circumstances do not call for the application of the rule here. It is true that a
confession obtained during illegal detention would be inadmissible, but the
Supreme Court has not gone so far as to require the suppression of evidence
which in no way resulted from the violation of Rule 5(a).

While we consider the agents' conduct in this case extremely reprehensible,

meriting disciplinary action, the sanction which the law imposes to discourage
such conduct is not to clothe the traverser with total immunity, by suppressing
evidence against him obtained by methods legally irreproachable, as well as
that derived by illegal means. It is one thing to say that officers shall gain no
advantage from violating the individual's rights; it is quite another to declare
that such a violation shall put him beyond the law's reach even if his guilt can
be proved by evidence that has been obtained lawfully.

As the Supreme Court pointed out in United States v. Mitchell, 1944,322 U.S.
65, 64 S.Ct. 896, 898, 88 L.Ed. 1140, and reaffirmed in the later cases, the rule
is intended to prevent the 'use by the Government of the fruits of wrongdoing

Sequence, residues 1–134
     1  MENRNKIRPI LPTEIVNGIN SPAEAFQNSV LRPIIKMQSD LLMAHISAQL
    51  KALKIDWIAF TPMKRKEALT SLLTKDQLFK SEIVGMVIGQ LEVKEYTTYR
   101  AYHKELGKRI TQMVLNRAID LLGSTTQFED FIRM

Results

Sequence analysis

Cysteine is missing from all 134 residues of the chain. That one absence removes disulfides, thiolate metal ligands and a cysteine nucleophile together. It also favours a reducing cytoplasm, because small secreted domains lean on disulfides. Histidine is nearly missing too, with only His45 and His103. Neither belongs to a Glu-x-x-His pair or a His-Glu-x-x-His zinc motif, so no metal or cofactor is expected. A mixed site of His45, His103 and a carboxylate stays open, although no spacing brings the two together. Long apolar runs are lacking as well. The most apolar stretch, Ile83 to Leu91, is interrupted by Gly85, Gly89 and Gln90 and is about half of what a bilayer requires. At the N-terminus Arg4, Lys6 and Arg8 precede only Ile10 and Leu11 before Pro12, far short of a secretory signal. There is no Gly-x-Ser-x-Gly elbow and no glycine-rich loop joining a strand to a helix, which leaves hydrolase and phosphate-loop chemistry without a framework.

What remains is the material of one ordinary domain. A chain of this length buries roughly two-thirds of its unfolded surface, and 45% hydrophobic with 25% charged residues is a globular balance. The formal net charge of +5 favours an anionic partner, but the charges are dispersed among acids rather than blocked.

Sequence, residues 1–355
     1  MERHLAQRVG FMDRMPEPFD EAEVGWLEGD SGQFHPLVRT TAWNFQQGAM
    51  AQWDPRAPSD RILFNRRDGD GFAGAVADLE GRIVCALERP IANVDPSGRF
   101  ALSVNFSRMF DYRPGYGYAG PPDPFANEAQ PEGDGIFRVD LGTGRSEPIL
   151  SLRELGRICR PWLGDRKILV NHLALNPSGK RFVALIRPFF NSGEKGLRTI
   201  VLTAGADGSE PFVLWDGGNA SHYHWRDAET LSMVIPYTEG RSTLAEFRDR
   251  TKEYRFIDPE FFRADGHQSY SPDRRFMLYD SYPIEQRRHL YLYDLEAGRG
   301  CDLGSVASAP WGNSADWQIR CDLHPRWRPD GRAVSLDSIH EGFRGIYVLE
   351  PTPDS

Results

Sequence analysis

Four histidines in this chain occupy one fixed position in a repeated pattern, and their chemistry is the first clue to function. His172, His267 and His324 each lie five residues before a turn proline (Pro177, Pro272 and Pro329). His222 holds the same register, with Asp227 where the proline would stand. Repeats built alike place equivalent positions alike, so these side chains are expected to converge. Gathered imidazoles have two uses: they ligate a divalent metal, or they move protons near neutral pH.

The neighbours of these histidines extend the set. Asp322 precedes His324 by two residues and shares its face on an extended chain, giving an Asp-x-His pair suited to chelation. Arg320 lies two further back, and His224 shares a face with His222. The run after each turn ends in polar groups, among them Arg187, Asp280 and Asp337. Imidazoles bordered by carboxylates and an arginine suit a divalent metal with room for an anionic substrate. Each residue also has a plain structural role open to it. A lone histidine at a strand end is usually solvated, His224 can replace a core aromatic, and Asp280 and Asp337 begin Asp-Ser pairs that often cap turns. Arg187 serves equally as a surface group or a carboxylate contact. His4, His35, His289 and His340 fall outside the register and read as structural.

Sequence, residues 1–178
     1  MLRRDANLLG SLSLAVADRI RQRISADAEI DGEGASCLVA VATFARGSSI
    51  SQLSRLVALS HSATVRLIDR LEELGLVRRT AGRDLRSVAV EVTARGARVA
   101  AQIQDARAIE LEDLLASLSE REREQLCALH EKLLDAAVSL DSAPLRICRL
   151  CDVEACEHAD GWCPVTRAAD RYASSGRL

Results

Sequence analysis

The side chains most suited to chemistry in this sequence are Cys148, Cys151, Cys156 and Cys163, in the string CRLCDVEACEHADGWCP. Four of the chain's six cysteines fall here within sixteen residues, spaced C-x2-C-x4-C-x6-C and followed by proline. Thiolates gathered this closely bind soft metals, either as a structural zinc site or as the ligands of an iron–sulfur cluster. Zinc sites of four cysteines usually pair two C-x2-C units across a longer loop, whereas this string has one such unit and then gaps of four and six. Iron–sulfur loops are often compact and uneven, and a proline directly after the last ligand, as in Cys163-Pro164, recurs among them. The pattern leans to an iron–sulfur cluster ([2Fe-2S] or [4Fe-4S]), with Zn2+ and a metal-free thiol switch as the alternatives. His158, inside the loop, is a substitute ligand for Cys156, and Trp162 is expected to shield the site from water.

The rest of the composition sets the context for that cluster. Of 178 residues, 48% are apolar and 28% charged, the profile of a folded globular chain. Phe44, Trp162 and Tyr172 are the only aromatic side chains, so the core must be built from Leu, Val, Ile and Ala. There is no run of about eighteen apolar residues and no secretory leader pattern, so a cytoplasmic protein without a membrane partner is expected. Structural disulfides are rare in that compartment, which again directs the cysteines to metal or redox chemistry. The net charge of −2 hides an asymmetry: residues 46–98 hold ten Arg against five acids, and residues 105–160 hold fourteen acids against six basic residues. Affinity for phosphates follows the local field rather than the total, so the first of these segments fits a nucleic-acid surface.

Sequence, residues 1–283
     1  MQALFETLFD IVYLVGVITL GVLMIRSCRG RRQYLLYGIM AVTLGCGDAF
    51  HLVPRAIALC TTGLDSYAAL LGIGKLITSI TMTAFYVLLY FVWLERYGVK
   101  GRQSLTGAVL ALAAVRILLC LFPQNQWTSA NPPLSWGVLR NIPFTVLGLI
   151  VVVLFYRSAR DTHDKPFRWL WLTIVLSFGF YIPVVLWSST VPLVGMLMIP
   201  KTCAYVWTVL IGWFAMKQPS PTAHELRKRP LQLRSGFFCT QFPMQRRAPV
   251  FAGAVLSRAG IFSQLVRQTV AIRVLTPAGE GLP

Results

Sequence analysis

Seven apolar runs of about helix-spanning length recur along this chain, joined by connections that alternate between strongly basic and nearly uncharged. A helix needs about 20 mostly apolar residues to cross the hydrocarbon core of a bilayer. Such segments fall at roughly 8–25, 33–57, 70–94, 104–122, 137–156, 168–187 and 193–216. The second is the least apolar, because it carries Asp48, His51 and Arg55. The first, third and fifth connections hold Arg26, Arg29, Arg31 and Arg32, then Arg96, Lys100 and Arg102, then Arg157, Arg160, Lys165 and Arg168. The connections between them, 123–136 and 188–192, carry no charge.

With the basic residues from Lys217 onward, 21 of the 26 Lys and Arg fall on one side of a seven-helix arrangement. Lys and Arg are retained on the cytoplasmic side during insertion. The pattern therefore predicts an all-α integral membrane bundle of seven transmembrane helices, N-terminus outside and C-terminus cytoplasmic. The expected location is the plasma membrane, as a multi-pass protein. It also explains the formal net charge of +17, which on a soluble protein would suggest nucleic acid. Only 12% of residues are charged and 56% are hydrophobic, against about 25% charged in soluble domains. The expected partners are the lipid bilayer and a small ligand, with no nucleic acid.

by its officers.' When the illegality of the detention does not result in evidence
which could be used against the defendant, the rule has no application.

The Mitchell case illustrates the point perfectly. There the defendant was held
eight days before he was brought before the Commissioner for arraignment, but
the confession had been made promptly and spontaneously a few minutes after
his arrival at the police station. It was held that the long illegal detention did
not retroactively affect the prior confession, which was admitted in evidence. A
fortiori, in the instant case, where there has been no confession at anytime and
no fruit, direct or indirect, from the violation of the defendant's rights, other
disciplinary measures against the officers may be in order, but lawfully
obtained evidence is not interdicted.

Moreover, as the rule of exclusion is not a constitutional requirement, but was

adopted by the Supreme Court in the exercise of its supervisory power over the
federal judicial system, it is not within the province of an inferior court, even if

it deemed it desirable, to extend the rule's operation beyond the areas in which